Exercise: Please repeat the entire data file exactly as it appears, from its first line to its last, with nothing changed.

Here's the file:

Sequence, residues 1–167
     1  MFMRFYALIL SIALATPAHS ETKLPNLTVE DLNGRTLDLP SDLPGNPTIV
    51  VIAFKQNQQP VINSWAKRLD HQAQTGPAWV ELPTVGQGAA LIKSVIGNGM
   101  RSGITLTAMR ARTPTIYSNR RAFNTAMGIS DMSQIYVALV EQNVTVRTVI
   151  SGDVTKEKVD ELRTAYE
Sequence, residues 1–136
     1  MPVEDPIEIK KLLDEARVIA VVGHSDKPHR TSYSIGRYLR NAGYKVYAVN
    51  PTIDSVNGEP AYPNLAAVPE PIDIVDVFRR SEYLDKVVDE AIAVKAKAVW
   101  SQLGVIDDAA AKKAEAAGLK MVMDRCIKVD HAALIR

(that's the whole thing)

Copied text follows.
Sequence, residues 1–167
     1  MFMRFYALIL SIALATPAHS ETKLPNLTVE DLNGRTLDLP SDLPGNPTIV
    51  VIAFKQNQQP VINSWAKRLD HQAQTGPAWV ELPTVGQGAA LIKSVIGNGM
   101  RSGITLTAMR ARTPTIYSNR RAFNTAMGIS DMSQIYVALV EQNVTVRTVI
   151  SGDVTKEKVD ELRTAYE
Sequence, residues 1–136
     1  MPVEDPIEIK KLLDEARVIA VVGHSDKPHR TSYSIGRYLR NAGYKVYAVN
    51  PTIDSVNGEP AYPNLAAVPE PIDIVDVFRR SEYLDKVVDE AIAVKAKAVW
   101  SQLGVIDDAA AKKAEAAGLK MVMDRCIKVD HAALIR